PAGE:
Now accepting Telehealth appointments. Schedule a virtual visit.
Skip to main content

Helping Your Child Through Grief and Loss

Children express grief and loss in a variety of ways and they need to know that it’s okay to talk about pain and loss. While you can’t protect your kids from grief and loss, you can help them process their feelings and build healthy coping skills. Grief counseling can help your child learn to deal with grief and loss in a healthy way.

Licensed psychologist Philip Glickman, Psy.D, and the team of psychotherapists and counselors at Wellness Road Psychology understand how overwhelming and distressing grief and loss can be to a child. Grief helps children heal from their pain and build the coping skills necessary to handle loss and recover without long-term emotional problems.

Children who struggle to manage their grief are at a higher risk of depression, anxiety, poor academic performance, and behavioral problems. Grief counseling will help your child make sense of their loss. 

How grief counseling helps children cope with the loss

Children have difficulty processing loss. Young children often have trouble understanding the permeance of death. Older children may become fearful of losing someone else they love. They may feel angry, confused, or have a hard time understanding and expressing their emotions. This is where grief counseling is valuable.

Grief counseling validates children’s feelings so that they know their feelings are important and that what they’re feeling is normal and okay. Your child will feel heard and accepted and will have a safe place to express themselves. This alone helps to calm your child’s fears and concerns.

A mental health professional can help your child process complex emotions and learn how to honor their loss. Additionally, grief counseling serves as a support for parents and caregivers of grieving children. 

Grief counseling to meet your child’s needs

Grief counseling is highly individualized to meet the needs of each child. Every child expresses grief and loss in their own way. Grief counseling for younger children may involve engaging in activities that help them process their feelings, while therapy for older children is often geared toward talking about their emotions and the things they’re experiencing. At Wellness Road Psychology, individual and family therapy is available and our counselors use proven approaches to help children and families navigate grief and loss.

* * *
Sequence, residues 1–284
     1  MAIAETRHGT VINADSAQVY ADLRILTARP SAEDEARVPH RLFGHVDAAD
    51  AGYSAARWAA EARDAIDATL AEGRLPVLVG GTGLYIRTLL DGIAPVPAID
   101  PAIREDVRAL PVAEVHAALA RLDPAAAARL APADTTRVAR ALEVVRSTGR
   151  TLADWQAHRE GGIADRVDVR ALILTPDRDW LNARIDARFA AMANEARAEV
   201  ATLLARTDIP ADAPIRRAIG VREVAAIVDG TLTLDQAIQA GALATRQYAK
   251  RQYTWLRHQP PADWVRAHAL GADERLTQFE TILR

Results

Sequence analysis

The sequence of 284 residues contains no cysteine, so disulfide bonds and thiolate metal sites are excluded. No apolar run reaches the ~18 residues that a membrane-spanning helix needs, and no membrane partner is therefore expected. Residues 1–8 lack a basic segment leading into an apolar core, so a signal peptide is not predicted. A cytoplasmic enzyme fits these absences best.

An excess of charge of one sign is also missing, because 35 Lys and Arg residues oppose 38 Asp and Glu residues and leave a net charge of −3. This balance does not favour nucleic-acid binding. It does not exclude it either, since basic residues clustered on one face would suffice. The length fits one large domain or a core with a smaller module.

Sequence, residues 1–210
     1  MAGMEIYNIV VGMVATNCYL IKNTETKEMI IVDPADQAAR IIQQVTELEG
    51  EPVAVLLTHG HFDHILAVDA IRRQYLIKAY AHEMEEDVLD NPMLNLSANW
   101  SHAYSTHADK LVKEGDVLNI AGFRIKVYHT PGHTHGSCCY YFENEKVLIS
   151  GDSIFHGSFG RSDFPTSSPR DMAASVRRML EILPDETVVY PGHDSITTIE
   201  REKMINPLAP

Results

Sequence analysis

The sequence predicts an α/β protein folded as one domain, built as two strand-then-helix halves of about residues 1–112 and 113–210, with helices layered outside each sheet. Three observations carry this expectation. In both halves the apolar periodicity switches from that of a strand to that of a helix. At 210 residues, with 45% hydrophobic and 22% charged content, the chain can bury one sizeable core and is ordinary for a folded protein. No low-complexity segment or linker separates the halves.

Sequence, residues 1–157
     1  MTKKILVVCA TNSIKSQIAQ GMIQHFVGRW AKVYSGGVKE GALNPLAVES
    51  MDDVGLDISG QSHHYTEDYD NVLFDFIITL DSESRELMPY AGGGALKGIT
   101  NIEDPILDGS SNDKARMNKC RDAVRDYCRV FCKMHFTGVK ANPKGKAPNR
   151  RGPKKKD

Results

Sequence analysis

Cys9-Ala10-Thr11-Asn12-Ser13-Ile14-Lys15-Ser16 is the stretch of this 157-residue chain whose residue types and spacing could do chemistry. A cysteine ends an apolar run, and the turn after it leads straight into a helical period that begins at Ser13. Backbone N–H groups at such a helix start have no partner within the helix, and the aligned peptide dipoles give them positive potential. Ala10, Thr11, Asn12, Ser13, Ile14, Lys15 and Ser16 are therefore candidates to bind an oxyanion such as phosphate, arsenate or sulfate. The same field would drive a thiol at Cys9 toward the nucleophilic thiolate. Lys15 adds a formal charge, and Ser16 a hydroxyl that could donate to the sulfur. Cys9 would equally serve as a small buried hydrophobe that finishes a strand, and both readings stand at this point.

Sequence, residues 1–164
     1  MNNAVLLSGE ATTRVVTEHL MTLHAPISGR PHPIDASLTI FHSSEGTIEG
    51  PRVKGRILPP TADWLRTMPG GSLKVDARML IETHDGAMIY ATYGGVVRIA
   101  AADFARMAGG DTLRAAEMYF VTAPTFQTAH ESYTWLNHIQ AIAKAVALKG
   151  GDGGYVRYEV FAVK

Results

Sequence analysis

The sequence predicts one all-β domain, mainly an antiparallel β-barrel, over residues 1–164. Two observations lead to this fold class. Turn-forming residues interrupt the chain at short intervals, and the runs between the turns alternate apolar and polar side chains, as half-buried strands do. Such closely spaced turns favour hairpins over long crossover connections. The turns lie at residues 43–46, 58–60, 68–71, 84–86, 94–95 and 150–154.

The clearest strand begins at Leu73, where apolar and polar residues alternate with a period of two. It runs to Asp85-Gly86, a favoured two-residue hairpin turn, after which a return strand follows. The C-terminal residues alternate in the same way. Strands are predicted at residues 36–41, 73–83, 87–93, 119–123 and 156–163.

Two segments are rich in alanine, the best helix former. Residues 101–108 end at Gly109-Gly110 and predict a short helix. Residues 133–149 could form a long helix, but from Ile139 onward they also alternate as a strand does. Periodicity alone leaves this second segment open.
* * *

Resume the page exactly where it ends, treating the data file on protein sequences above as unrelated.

Signs your child can benefit from grief counseling 

Every child who experiences grief or loss can benefit from grief counseling. There’s no need to wait to see how well your child can handle things before seeking the help of a licensed mental health professional. 

Experiencing a significant loss can have a major impact on your child’s development. It’s beneficial to have the expertise of a mental health professional skilled in bereavement to help your child adjust and cope with loss.

Certainly, if you notice warning signs, it’s wise to contact a grief counselor. Here are some common signs that your child may need grief counseling:

Children often look to adults to learn how to deal with grief and loss. It’s important that you keep the lines of conversation open.

Grieving children need ongoing support so they can express their feelings and work through the loss. To learn more about grief counseling contact us at Wellness Road Psychology to schedule an appointment with Dr. Glickman. We have offices in NYC and Dobbs Ferry. You can book your request online also. We offer in-person, online, and phone therapy sessions.

You Might Also Enjoy...

Community Building: Fighting Loneliness With Universality 

Therapy emphasizes individual needs, but Community Building is crucial for mental well-being. Engaging with groups combats isolation and promotes universality. Therapists suggest involvement in community activities like volunteering and cultural events.

How to Procrastinate Intentionally

Procrastination, delaying tasks despite knowing the consequences, can harm areas like health and work. Intentional procrastination, a productive form, involves delaying tasks to enhance focus under pressure.

Intrusive Thoughts: What Are They? When Should I Seek Help?

Intrusive Thoughts are sudden, distressing thoughts that occur during stress, such as violent or inappropriate actions. Seeking help is advisable if these thoughts significantly impact daily life. Therapists can provide support to manage them effectively.

Setting SMART Goals: Easing the Pressure of Expectations

New year brings reflection and goal-setting. SMART Goals framework (Specific, Measurable, Achievable, Relevant, Time-bound) aids in setting realistic targets and maintaining motivation. Emphasizes self-compassion and flexibility in goal pursuit.